Fire, Wind, and Water (One Year Later)

“Precious in the sight of the Lord is the death of his faithful servants” (Psalm 116:15).

 

It is precious as a rainbow above green velvet cliffs.

It is precious as the full moon on that warm night when we gathered to cry for him and laughed remembering him.

It is as precious as a Hawaiian lei. We cut the thread, we scattered the flowers, and the thunder waves of the North Shore sent them back to us, pink petals on our toes.

But they did not send Shawn back. He was not theirs to return.

He is his Maker’s.

He is not ours, though we can still recall the exact sound of his laugh and the precise tone of his voice, as if he had only just called out to us from the other room.

 

*

Last January, I stood on a moonlit shore listening to a legendary Hawaiian surfer tell me what he had seen and heard from his beach-front house on January 14. The hem of my turquoise sundress trailed in the water like a mermaid’s bedraggled tail.

I am no mermaid. I know maple trees, and I love the green hills of Chester County, Pennsylvania. The water that tugged at my dress frightened me. But this man had known waves for decades, and he loved the wild waters of Oahu’s North Shore. He told story after story, while I began to see rightly and truly the place where I stood. I began to see these dangerous waters through the lens of this man’s great love for them.

He spoke of fire and a noise like thunder and of waves so high it was as if the ocean understood. The ocean offered up its own anguish before we knew to offer ours. Shawn and the eleven men flying with him that night did not die unseen in a swirl of chaos. They died in a known place, in a much-loved place; a door opened for them, and arms of welcome enfolded them, in one of the most astonishingly beautiful places on earth.

“If I could choose the spot where I would die and be buried, I would choose these waves right here,” the man told me.

I have thought many times since our conversation of an Old Testament tale:

“As they were walking along and talking together, suddenly a chariot of fire and horses of fire appeared and separated the two of them, and Elijah went up to heaven in a whirlwind” (2 Kings 2:11).

And Elisha, who loved him, went on walking, alone, as the reflection of heavenly fire faded from his eyes, and the skies returned to their ordinary, silent gray.

There was no door in the sky for Elisha, and there is no door for us, as yet.

*

The fire has faded, and the wind has stilled. One year later, rainbows are harder to come by.

And yet, when I slow my usual busyness, when I pause and reflect, I realize that the hems of our clothing still trail through salty water. The turtle-dotted waves of the North Shore offered a kind of baptism, and we have not shaken that water off yet.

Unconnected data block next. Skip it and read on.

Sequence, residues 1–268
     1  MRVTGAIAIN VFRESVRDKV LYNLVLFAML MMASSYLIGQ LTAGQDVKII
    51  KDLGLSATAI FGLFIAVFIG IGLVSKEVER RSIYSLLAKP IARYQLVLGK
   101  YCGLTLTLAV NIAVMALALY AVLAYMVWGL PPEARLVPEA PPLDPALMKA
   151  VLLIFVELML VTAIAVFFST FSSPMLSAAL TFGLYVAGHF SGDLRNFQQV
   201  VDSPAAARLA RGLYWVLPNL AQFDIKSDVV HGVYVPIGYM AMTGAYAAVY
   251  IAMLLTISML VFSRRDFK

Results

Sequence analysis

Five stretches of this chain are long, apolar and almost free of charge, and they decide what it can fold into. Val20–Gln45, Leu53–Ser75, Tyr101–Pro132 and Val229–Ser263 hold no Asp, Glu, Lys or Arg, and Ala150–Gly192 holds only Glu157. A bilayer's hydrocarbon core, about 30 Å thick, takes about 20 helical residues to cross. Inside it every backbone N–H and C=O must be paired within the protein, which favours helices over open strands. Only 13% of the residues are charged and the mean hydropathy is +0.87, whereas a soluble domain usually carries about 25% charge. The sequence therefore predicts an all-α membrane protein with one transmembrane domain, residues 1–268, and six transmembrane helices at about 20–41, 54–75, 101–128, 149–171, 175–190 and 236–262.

God willing, we never will.

This is living water. It poured from the cross when an innocent man, and the maker of us all, died to set things right. Shawn chose every day to hide his life in the life of the innocent One who defeated death, and so his death shares in the power of Christ’s own. Losing Shawn has left us shocked and grieving, yes, but the loss has also unleashed rivers of living water.

And even when we cry we trail streams of rainbow glory.

Shawn Campbell’s legacy.

 

Life Right Now: New Year, New Month, New Season

(the following post contains affiliate links)

 

Is misty and mild and not like January at all.

This is our fifth winter at Maplehurst, and we’ve never waited so long for real snow.

But it’s cold enough. The woodstove in the kitchen is pouring out heat while I study my stack of seed catalogs. I am often asked about my favorites. This year, I’ve ordered vegetable seeds from Seed Savers, Park Seed, Burpee, and Pinetree. I love the conservation work of Seed Savers as well as their highly curated collection of heirlooms, and I appreciate the very low prices at Pinetree (though, twice, my Pinetree seeds have been mislabeled).

I’ve also ordered flower seeds from Renee’s Garden Seeds and dahlias from Swan Island Dahlias. In a month or two, I may order a few new David Austin roses. Last year, I planted four Lady of Shalott shrub roses. While orange has never been my favorite color, the flowers have a great deal of pink and coral, and they were so healthy and vigorous and constant in their blooming that I fell in love. Plus, the name. I care very much about names in paint and roses and crayons, though not so much in lipstick.

If you are unfamiliar with David Austin roses, they are often called “English roses.” They are bred to look and smell like old-fashioned roses, but they bloom continuously. This year, I have my eye on Munstead Wood though I don’t yet know where I might put it. However, I never let that stop me.

Now you might be wondering why anyone would choose a once-flowering antique rose if they could plant a modern English rose. Personally, I love to plant both. The modern roses give me flowers in spring and fall (and frequently in-between), but the antiques put all of their effort into one extravagant spring explosion of scent and color. There’s nothing else like it. Besides, no one ever complained that a peony only blooms in May.

Besides seed catalogs, I am consulting my favorite and most practical gardening book: The Garden Primer by Barbara Damrosch. I am reading a recently-released book called Getaway with God: The Everywoman’s Guide to Personal Retreat by Letitia Suk. This one is a great resource for any woman considering a personal spiritual retreat in the new year. I am also finishing a library copy of Phyllis Tickle’s wonderful little book What the Land Already Knows: Winter’s Sacred Days. I may have shed a few tears when I discovered that this gem is out of print and used copies cost a small fortune. Now I know what to look for at the used bookstores!